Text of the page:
Who’s My Agent? Can I Get An Agent, Please? An Explanation of Agency in VA.

There's a frequent topic in the real estate world, and it involves
who represents who in the transaction.  There are some real positives
to understanding who your agent is working for; sometimes you might be
surprised at the answer.  Here's a breakdown of Agency in VA, particularly if you're looking for an agent in the Blacksburg/Christiansburg/Radford area:

Seller's Agent
– The Seller's agent works for, and is representing, the seller only. 
Most of the time this is the listing agent, but there are times (called subagency), when when it's not just the listing agent.  More on this next.

Subagent – with subagency, the agent may be working with a buyer, but they still represent the seller.  When an agreement is not in writing between buyer and agent, subagency exists.

Buyer's Agent – buyer has agreed, in writing, for an agent to represent them in the transaction.  Buyer's agent has a responsibility to protect the client's interests, and is prevented from sharing confidential information with the other parties to the transaction.

Dual Agent – one agent, two parties (a buyer and a seller).  This is not a good position to be in, not only if you are the buyer or the seller, but also the agent.  As an agent, your role as an adviser and negotiator is eliminated, and you can provide little more than the facilitation of paperwork back and forth between both parties, and the scheduling of inspections, etc.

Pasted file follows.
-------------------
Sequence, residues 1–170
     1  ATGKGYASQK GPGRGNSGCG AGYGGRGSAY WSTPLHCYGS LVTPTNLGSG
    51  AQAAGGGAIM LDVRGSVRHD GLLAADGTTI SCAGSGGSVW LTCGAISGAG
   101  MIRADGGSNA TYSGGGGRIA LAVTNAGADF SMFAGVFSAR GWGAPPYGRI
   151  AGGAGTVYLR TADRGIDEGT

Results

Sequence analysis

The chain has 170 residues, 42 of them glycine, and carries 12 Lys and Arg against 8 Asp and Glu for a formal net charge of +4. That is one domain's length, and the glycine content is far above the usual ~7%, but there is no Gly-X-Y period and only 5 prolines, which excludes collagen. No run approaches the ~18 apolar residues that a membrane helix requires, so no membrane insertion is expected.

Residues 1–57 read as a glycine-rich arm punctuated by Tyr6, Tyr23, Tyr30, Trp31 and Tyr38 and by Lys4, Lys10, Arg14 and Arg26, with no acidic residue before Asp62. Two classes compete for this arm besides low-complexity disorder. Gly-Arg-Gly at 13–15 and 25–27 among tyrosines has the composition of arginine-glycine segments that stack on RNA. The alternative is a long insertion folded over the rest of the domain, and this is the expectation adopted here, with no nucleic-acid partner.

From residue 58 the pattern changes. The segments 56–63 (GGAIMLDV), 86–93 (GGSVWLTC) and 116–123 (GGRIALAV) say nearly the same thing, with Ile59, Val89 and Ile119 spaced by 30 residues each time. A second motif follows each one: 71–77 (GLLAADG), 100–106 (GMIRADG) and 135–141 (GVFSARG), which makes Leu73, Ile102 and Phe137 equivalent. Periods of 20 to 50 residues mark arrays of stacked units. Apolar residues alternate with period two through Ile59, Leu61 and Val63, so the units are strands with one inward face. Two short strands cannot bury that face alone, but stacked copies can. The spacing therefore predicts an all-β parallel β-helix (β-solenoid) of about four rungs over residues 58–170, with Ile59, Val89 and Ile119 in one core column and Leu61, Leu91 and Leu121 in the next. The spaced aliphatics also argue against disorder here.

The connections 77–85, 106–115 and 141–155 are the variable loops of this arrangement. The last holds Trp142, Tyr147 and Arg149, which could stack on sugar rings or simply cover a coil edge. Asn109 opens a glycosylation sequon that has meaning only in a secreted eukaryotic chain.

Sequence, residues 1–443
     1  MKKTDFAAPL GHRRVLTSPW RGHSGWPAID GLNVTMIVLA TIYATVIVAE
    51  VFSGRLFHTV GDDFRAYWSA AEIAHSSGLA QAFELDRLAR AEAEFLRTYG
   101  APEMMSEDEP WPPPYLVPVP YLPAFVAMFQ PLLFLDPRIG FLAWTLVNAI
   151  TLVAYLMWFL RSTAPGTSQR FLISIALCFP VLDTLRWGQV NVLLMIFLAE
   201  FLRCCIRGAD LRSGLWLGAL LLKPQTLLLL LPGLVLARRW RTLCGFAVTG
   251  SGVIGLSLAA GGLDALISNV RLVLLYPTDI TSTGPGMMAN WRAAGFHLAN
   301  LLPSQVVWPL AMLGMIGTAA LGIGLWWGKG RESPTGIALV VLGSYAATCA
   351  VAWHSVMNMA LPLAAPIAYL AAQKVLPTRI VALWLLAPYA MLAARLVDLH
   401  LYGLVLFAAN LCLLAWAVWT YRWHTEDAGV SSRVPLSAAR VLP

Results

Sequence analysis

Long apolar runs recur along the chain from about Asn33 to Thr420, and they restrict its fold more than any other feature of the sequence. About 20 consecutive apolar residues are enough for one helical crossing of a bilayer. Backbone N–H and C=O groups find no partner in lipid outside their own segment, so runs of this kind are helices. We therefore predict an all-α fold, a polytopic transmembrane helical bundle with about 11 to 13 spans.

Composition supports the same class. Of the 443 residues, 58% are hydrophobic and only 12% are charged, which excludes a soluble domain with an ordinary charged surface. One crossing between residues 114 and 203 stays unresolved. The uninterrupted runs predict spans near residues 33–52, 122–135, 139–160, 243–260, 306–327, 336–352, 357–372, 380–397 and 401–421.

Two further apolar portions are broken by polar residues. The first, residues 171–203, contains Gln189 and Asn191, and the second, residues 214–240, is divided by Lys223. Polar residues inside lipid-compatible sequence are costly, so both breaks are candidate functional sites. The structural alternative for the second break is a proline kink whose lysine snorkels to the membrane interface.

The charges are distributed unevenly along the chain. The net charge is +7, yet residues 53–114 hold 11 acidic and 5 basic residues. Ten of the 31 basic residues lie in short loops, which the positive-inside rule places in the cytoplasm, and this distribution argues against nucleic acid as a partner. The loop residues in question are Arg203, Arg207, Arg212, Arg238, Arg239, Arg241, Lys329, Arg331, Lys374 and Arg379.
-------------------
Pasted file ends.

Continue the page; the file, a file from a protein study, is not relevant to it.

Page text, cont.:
These are the main roles an agent can play in a real estate transaction in VA.  Although all are legal within the Commonwealth, I will not practice dual agency.  It's just my personal opinion that if a seller hires me to represent them in the sale of their home, then I can't adequately represent the buyer in that same sale.  Likewise, if I'm working with buyer to find them a home, I can't provide them the advice they need to negotiate and purchase one of my listings.  I don't like to do that – I want to give you my 100% full representation, and I'll foregoe a little extra money to do that. 

It's interesting – I was with an attorney recently and I listened as he took a call and explained that he couldn't advise the caller in that matter because he was advising one of the two sides of an upcoming case.  If an attorney can't do that, I don't think it should be right for me to do that, either.

What do you think?

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